Patient care delivery is morphing from hospital-centric to a more personalized, patient-centric model supported by the steady flow of emerging technology. The shifts to home care and virtual care have now become cost-effective treatment and monitoring options. In addition, advances in secure patient data and analytics are accelerating more accurate decision-making at any point along the caregiving cycle.

If hospitals consider implementing the following initiatives, inflationary pressure could be reduced and savings of $420 billion-$550 billion generated:

  • Transitioning 20%-25% of their hospital-based patients to alternative sites of care, e.g., retail clinics, virtual health, and community health centers. This step can help make healthcare more accessible by adding more patient touchpoints and expanding location options for mental health care services, well visits, and more.
  • Prioritizing value-based care. In this scenario, hospitals and physicians are paid based on patient health outcomes and not on the amount of healthcare services they deliver (fee-for-service model). Increasing the percentage of patient participation in value-based care agreements, for example, up from 6% to 40%, is a more cost-effective method for tracking and measuring health outcomes against the cost of delivering the outcomes.

2. Improve Clinical Productivity 

A breakout of healthcare institution costs indicates that 75%, on average, are linked to clinical activity while 25% result from administrative functions. Here are some examples of ways hospitals can reduce costs by optimizing clinical productivity:

  • Consolidate smaller solutions – e.g., a patient discharge planning application or a tool that can help optimize assets in a surgical center – to create a robust, single platform that can support fast clinician access and use across multiple departments. It sounds minor, but the extra time it takes clinicians to sign into, open, close, and switch applications adds up.
  • Maximize the physician fill rate. This represents the total number of patients seen by doctors through scheduled appointments during business hours. With industry fill rates averaging 90%-95%, the report recommends hospitals use 95% as their target. Doing so will allow more patients to be seen and treated, allowing physicians to extend access to quality patient care. Implementing these two initiatives has the potential to yield $160 billion-$310 billion in savings.
  • Solutions like RFID can reduce turnaround time in critical revenue-generating areas like operating rooms. Adventist Health White Memorial reduced their average OR turnaround time by just 3 minutes. This ‘small’ change amounted to a value of $970k/yr.

3. Simplify Administrative Functions

Workflow productivity studies are a tremendous tool for hospitals looking for quick, sustainable productivity improvements that also reduce costs.

Take wheelchairs, for example. If you have a team of just 7 clinicians, and once a week each one of them spends just 20 minutes looking for a wheelchair, the cost of their time searching for wheelchairs comes to nearly $7,000/yr. A basic transport chair costs about $200. Making sure more wheelchairs are readily available is a no-brainer, and a thorough workflow productivity study jumpstarts the process to find these opportunities.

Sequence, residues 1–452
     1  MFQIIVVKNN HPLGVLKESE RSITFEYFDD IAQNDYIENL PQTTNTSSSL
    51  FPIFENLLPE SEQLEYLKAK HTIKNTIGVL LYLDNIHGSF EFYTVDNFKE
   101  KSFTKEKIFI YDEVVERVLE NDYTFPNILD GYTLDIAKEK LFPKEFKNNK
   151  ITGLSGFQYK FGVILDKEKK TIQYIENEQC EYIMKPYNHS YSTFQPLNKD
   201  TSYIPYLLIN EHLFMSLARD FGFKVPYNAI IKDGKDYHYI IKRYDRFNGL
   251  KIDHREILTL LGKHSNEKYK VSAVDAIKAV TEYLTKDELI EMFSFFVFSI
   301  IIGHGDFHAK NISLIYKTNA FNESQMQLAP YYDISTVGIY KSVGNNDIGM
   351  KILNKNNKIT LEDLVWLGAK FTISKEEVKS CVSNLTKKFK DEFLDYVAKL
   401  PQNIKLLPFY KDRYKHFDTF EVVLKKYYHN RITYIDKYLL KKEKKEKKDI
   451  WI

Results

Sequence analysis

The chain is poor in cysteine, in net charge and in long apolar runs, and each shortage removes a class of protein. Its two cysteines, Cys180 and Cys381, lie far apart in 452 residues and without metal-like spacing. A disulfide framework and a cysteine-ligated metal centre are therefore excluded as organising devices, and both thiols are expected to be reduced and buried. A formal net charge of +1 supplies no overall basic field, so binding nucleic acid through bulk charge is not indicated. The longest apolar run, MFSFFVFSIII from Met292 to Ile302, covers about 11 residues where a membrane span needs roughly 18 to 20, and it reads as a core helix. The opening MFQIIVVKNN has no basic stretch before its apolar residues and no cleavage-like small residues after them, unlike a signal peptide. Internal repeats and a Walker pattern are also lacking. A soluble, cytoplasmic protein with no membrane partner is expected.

Four key areas to look for savings:

  1. Pay attention to clock-in/clock-out times and incremental overtime
  2. Staff according to need, not according to budget
  3. Make sure that clinicians are working to the top of their license
  4. Watch for daily/weekly deviations in patient volume

This work falls under the umbrella of Strategic Cost Management, which Futura has written about extensively. Take a look at ‘Four Ways to Save on Hospital Labor Costs’ for more ideas.

McKinsey_Inflation-report_1Trillion-Opportunity

 4. Capitalize on Enabling Technologies

McKinsey puts a value of $250-$300B on innovations in this last category. They also urge action – saying that “Those who act now could set themselves apart in leading transformative improvements of healthcare and accrue a sustainable competitive advantage.”

Here are some examples of how enabling technologies can increase your hospital’s bottom line:

  • Virtual care lowers the cost of care delivery
  • eLearning allows you to onboard more clinicians to your technology tools faster, more consistently, and at a lower cost than manual training
  • RFID tracking can drastically reduce the amount of time your clinicians spend on manual inventory tracking

“Leaders plan to ramp up training in digital technologies, helping staff feel less overwhelmed by increasingly data-centric processes, and more ready to embrace new, digitally focused responsibilities and ways of working.”

                – Philips Future Health Index 2022 Report

 

The current – and significant – strain on hospital finances is not likely to lessen in the foreseeable future. Doing the same thing next year will not be enough to lead your team out of potential disaster. You’ll need innovation, strong teams, and fast action. But the payoff is huge. Not only can you emerge from the coming tough economic times in a good place, you’re likely to come out ahead of many competitors who were less committed to the future of their communities and teams. To your success!